Chuck: The new camera was really interesting from a software point of view, too, because we switched chip vendors to add new capabilities. There was a lot that we either had to change or wanted to take the opportunity to change. It’s a higher resolution camera, for example, so we’re using different video encoders and decoders.
Deciding what to change is a balance. Because we had a good process in place for doing in-field updates, we wanted to keep as much of that as possible, for reliability and to make sure we didn’t introduce too much risk. But then there were other parts of the code we wanted to improve. Some things we basically re-architected. As Kunal said, that work takes time. But we believed it would be better in the long run.
Above left: Chuck and Mickael Laventure (Senior Software Engineer) discuss firmware. Above right: Wiley Jones (left, Hardware Program Engineer), Peter Lobel (center, Mechanical Design Engineer), and Kunal.
Above: The Engineering team is growing fast, and currently occupies a large portion of Verkada’s HQ in downtown San Mateo.
From left to right: Arianna Fur (standing, UX Designer) and Duy Tran (seated, Senior Software Engineer) get into the weeds; Camera prototype central; Organized cord chaos.
What’s the culture like at Verkada?
Kunal: One thing I like is that I feel completely safe making mistakes. There’s a level of trust and camaraderie within and between the teams, and I don’t ever have to worry about asking questions or feeling like I’m walking on eggshells.
Chuck: Yeah, there are some companies where the second you find a problem, it’s a big fight over who’s to blame — Hardware or Software. But it’s not like that here at all. We had an issue recently with the new cameras, where the IR LEDs had worked fine during testing at the factory, but not when we ran our own software. We just looked into it, found a bug, and fixed it. It’s as simple as that.
Verkada also has a very startup kind of vibe, which I like. We’re trusted to get our jobs done, and no one is keeping track of seat time. If you need to run an errand in the middle of the day, that’s completely fine.
Left: The engineering team often pulls out board games during lunch, and on sunny days play on the office’s wraparound patio. Right: Prepping a birthday surprise.
Left to right: Soylent, breakfast of startups; Cofounder and Principal Software Architect James Ren’s pile of plushies; Strong opinions, strongly held.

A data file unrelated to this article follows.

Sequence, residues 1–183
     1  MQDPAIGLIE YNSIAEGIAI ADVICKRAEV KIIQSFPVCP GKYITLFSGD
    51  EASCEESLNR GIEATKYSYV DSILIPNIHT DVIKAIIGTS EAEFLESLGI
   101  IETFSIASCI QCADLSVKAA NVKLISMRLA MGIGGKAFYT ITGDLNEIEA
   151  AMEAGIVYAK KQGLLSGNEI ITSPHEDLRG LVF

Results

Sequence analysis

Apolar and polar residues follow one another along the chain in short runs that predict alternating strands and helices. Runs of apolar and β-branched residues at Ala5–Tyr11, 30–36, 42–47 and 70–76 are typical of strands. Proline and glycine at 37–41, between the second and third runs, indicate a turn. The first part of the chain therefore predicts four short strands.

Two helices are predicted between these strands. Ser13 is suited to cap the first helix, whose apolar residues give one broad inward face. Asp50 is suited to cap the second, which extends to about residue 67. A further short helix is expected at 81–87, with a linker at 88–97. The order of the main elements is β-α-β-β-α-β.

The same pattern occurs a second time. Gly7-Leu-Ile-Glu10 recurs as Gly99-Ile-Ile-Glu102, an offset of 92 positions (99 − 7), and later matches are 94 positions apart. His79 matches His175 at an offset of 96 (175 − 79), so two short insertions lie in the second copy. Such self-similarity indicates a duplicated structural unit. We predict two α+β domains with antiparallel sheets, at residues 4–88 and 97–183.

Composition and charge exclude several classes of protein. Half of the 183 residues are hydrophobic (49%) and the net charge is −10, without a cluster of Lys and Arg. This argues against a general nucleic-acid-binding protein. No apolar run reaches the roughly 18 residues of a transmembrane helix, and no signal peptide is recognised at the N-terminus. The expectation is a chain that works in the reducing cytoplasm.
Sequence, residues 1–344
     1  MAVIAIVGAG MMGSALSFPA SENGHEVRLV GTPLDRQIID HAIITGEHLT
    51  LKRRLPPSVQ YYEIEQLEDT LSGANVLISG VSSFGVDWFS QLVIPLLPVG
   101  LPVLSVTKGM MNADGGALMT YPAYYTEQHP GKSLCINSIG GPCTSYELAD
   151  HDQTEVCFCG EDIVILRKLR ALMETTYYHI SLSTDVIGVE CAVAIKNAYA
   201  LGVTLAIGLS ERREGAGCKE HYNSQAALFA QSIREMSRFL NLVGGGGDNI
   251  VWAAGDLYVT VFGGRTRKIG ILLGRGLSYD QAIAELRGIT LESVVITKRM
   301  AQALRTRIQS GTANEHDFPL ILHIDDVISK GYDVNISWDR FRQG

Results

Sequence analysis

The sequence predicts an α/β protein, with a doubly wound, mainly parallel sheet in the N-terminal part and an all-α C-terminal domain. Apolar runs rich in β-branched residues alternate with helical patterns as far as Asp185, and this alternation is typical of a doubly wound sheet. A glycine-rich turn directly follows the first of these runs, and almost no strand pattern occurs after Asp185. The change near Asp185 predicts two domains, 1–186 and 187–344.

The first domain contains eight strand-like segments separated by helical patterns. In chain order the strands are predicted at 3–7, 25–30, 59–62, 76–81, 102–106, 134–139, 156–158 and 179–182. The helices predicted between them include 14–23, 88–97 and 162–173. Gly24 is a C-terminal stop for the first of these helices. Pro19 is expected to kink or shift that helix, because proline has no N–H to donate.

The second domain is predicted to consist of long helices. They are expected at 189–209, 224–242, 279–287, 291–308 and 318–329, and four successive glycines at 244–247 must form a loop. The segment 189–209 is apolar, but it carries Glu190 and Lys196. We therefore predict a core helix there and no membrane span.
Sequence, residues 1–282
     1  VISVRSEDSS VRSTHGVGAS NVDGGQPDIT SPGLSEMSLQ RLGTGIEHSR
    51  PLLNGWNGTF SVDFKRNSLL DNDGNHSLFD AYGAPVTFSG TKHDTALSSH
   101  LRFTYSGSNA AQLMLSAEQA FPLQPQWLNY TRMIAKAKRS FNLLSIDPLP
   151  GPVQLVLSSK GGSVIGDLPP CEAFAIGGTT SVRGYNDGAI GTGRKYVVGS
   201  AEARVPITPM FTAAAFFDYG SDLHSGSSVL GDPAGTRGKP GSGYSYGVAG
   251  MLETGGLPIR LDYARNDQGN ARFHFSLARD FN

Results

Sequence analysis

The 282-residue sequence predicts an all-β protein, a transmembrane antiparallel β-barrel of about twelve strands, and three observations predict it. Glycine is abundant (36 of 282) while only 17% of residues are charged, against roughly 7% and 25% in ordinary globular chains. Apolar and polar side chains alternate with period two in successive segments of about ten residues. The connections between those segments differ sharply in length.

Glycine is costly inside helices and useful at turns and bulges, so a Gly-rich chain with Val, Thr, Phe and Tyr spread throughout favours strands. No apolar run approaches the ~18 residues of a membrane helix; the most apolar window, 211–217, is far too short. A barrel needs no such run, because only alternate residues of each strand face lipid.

Kunal: We also do a lot of work cross-functionally. Hardware and Software meet at least once a week, but when we’re in the early stages of a project, we’re talking almost daily. Whenever something comes up, we can just walk over to each other’s desks and get it ironed out.
That includes our leaders — they’re all very hands-on. Filip will come by your desk, sit down, and give you his thoughts on whatever problem you’re working on or see if there’s anything he can do to unblock you. It’s rare to get that level of care from a CEO.
Chuck: He even installed the new camera in his house so he could file bug reports for us. He has a great eye, so it’s cool to have him right there with us, doing what needs to be done to get the product shipped.
Left: Cofounder Filip Kaliszan (standing, left) stops by for a brainstorm with Meera Vyas (standing, Operations Specialist), Peter Lobel (center, Mechanical Design Engineer), and Kunal.
CTO Martin Hunt chats with Cofounder and Principal Software Architect James Ren. James ❤s his plushies.
What do you look for in new team members?
Chuck: You need to be a self-starter — someone who will go and find the information you need, whether it’s by doing research or talking to other people on the team. At a bigger company, it might make sense to have a really specialized workflow, but that can also create silos. What happens if the issue you’re working on affects an area you aren’t familiar with? I think it’s good to be willing to jump in and learn about things you don’t do every day, especially on a smaller team like ours.
Kunal: Absolutely; that system integrator mentality is crucial. If you’re dealing with an electrical engineering issue, it might be impacting mechanical engineering at the same time. And because we’re moving so quickly, it’s critical that everyone is communicating and collaborating as often as we can.